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Myth 13: the pre-header doesn't matter in email marketing

Category: Email Marketing

Imagen Myth 13: the pre-header d

"View in browser" is the most common pre-header, but leaving this phrase as the default shows that it has not been personalised and can give a bad image. It is a bad practice of those who believe in the false myth that this element does not matter in email marketing. The reality is quite the opposite: it has a fundamental role in the strategy.

The main function of the preheader is to support the subject line, to complement it as if they were a team: title (in bold in the inbox) and subtitle. As with non-massive messages, mailers display the first words of the campaign, which is why they are often the links to the online version, the date of a newsletter or the greeting of the preheader.

The preheader has a lot of value in the email marketing strategy and personalising it is just as important as writing a good subject line. It is very useful, depending on the function you want it to fulfil on each occasion. 


Expand the information to take advantage of the number of characters

The display of the subject and pre-header depends on the email manager used and the device, so there is a recommended limit of characters to try to ensure that it is read correctly by the maximum possible number of users. If for the subject is between 30-50, for the pre-header it would be 60-70 characters

The option for those who do not want to personalise the preheader is to use the maximum space in the subject line, but better results are achieved by constructing two sentences that support each other than with a subject line that is too long and can be cut off on some devices.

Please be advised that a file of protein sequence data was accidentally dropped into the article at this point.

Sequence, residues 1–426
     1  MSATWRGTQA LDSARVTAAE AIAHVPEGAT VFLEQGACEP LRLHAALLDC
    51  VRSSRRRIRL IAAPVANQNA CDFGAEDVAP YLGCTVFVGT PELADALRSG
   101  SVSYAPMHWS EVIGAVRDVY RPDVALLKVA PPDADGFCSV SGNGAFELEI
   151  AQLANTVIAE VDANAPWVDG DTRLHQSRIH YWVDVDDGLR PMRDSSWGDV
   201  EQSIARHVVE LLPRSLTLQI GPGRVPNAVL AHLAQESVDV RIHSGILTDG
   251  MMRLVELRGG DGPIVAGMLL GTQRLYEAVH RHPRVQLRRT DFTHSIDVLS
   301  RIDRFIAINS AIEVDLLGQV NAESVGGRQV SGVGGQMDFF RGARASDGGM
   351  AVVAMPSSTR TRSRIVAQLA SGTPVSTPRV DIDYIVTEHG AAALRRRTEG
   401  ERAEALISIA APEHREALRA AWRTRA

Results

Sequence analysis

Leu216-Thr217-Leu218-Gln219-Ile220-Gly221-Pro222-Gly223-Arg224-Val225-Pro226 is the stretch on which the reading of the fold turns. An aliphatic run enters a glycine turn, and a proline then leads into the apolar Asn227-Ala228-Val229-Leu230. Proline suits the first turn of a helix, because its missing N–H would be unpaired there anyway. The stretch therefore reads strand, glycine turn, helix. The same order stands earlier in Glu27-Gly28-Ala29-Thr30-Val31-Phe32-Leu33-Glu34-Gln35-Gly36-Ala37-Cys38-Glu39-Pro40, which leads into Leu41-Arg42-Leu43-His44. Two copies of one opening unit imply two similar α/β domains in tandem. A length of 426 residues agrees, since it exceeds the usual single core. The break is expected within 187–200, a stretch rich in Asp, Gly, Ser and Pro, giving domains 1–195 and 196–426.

Summarising the content of the communication

To summarise is to choose the essential and sometimes the subject line falls short to condense everything relevant in an email, especially when it comes to monthly mailings that cover several concepts. For example, if in a newsletter you want to explain what the theme of the month is or if it is a campaign with several offers, you can use the preheader to summarise what the user needs to know, that is, what will lead him to open the message. 


Highlighting a second main idea

This situation is very common in newsletters that compile several news items. The one that the company considers most important is the one that occupies the subject line, but there are many other interesting ones that remain in the background and that could also be the reason why some of the recipients would want to open the email. That is what the pre-header is for. 

For example: if the subject line is "The new XYZ model is now in your nearest shop", the preheader could be "Come by to see the ABC, the most desired model". This same function can be applied to cross-selling, following the same case it would be "Hurry up and get your perfect complement too".


Clarifying a fact